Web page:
The Eye and the Finger

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The Eye and the Finger
Eye and the finger.jpg
Dust-jacket illustration by Howard Wandrei for The Eye and the Finger
Author Donald Wandrei
Cover artist Howard Wandrei
Country United States
Language English
Genre Fantasy, Horror, Science fiction short stories
Publisher Arkham House
Publication date
Media type Print (Hardback)
Pages xiii, 344 pp

The Eye and the Finger is a collection of Fantasy, Horror and Science fiction short stories by author Donald Wandrei. It was released in 1944 and was his first book published by Arkham House. 1,617 copies were printed.

The stories had appeared previously in Weird Tales, Esquire, Argosy, Astounding Stories and other magazines. They were selected by the author and were the ones he considered to be his best at the time. The dust jacket illustration is by the author's brother, Howard Wandrei.

Don Herron quotes bookseller/publisher Roy A. Squires as saying that The Eye and the Finger is "one of the most difficult to find of Arkham House fiction titles - it was out of print in 1946." [1] The collection has never been reprinted in its original form, although all the stories are included in the Fedogan & Bremer omnibus collections Don't Dream: The Collected Fantasy and Horror of Donald Wandrei and Colossus: The Collected Science Fiction of Donald Wandrei.[2]


The Eye and the Finger contains the following short stories:

  1. "Introduction"
  2. "The Lady in Gray"
  3. "The Eye and the Finger"
  4. "The Painted Mirror"
  5. "It Will Grow on You"
  6. "The Tree-Men of M'Bwa"
  7. "The Lives of Alfred Kramer"
  8. "The Monster from Nowhere"
  9. "The Witch-Makers"
  10. "The Neverless Man"
  11. "Black Fog"
  12. "The Blinding Shadows"
  13. "The Scientist Divides"
  14. "Earth Minus"
  15. "Finality Unlimited"
  16. "The Crystal Bullet"
  17. "A Fragment of a Dream"
  18. "The Woman at the Window"
  19. "The Messengers"
  20. "The Pursuers"
  21. "The Red Brain"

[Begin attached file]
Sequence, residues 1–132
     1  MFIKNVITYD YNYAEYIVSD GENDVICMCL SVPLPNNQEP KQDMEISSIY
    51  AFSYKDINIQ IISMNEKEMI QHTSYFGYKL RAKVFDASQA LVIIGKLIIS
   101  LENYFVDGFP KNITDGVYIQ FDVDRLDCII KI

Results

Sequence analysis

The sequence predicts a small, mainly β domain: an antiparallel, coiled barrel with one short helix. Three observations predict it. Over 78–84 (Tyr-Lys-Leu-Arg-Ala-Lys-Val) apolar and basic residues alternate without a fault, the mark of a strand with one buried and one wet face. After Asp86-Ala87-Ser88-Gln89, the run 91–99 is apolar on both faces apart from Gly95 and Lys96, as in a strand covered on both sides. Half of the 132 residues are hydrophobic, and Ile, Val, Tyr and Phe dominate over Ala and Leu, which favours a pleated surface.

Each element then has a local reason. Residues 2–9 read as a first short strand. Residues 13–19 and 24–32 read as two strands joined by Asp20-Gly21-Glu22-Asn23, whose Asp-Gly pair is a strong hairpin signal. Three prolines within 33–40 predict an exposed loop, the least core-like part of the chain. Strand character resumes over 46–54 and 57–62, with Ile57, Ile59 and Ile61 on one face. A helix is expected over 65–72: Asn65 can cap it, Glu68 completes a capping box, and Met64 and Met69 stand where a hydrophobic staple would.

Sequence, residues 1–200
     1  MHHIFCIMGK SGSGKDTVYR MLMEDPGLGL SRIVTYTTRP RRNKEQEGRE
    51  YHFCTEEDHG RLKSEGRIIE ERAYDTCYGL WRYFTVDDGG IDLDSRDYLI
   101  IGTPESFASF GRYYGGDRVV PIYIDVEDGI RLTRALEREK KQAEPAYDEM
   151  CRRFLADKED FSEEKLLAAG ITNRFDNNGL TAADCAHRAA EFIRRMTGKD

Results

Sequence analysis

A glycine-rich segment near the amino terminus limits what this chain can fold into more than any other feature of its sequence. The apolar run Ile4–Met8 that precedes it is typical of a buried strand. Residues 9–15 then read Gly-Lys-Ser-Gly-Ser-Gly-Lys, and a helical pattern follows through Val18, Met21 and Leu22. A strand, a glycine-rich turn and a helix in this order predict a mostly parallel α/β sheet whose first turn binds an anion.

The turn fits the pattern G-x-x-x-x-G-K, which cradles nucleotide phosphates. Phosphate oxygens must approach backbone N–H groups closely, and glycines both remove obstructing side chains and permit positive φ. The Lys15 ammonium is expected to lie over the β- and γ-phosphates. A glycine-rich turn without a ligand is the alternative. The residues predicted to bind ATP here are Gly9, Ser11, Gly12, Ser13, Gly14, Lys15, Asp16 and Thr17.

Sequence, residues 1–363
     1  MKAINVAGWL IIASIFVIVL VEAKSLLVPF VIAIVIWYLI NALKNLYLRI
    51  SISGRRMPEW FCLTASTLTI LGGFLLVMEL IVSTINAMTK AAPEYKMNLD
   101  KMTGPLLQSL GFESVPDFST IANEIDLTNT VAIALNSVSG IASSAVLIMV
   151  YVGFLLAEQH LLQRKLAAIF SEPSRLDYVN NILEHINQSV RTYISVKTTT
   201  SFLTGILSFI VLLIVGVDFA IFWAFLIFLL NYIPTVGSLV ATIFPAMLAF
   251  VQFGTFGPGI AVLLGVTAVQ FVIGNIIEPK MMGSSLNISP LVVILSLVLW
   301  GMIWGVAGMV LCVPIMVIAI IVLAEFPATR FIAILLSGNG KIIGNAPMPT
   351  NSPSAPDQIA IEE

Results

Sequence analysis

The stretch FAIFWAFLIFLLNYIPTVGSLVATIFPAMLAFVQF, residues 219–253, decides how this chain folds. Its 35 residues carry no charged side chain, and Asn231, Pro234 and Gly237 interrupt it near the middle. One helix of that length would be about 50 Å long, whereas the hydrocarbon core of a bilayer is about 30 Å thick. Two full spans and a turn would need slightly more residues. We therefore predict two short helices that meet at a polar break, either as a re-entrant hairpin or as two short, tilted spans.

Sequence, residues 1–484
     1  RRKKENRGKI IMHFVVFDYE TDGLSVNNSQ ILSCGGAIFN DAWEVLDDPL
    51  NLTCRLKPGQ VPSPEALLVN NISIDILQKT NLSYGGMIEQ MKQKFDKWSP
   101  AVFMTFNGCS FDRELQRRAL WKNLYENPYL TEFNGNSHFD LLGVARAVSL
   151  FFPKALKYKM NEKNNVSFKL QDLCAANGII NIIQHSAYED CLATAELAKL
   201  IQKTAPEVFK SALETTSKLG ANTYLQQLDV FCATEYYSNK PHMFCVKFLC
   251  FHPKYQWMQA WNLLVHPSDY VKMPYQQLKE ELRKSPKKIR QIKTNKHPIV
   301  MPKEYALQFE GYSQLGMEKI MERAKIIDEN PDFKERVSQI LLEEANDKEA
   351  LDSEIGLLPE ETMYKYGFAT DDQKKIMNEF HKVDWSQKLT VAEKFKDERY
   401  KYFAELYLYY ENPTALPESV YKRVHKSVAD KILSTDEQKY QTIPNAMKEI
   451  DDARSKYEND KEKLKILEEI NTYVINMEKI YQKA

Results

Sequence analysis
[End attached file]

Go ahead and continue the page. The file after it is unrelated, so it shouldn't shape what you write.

22. "On the Threshold of Eternity"


New York Times reviewer Marjorie Farber gave the collection a mixed review, saying "If the sole function of a horror story is to horrify, this volume can be safely recommended to all addicts of clear conscience and strong stomach", but that [w]hile conceding genuine effectiveness to most of Mr. Wandrei's scientific and supernatural horrors, . . . I still feel that the effect he produces is sometimes too direct" -- "effective at the time, but not lasting".[3]


  • Jaffery, Sheldon (1989). The Arkham House Companion. Mercer Island, WA: Starmont House, Inc. pp. 1–2. ISBN 1-55742-005-X. 
  • Chalker, Jack L.; Mark Owings (1998). The Science-Fantasy Publishers: A Bibliographic History, 1923-1998. Westminster, MD and Baltimore: Mirage Press, Ltd. p. 26. 
  • Joshi, S.T. (1999). Sixty Years of Arkham House: A History and Bibliography. Sauk City, WI: Arkham House. pp. 25–26. ISBN 0-87054-176-5. 
  • Nielsen, Leon (2004). Arkham House Books: A Collector's Guide. Jefferson, NC and London: McFarland & Company, Inc. pp. 46–47. ISBN 0-7864-1785-4. 
  1. ^ Quoted in Don Herron, ""The Red Brain": A Study in Absolute Doom", Studies in Weird Fiction 2 (Summer 1987), p. 32, note 4.
  2. ^ *Joshi, S.T. (1999). Sixty Years of Arkham House: A History and Bibliography. Sauk City, WI: Arkham House. pp. 25–26. ISBN 0-87054-176-5. 
  3. ^ "All Kinds of Gooseflesh", The New York Times Book Review, September 10, 1944, p.12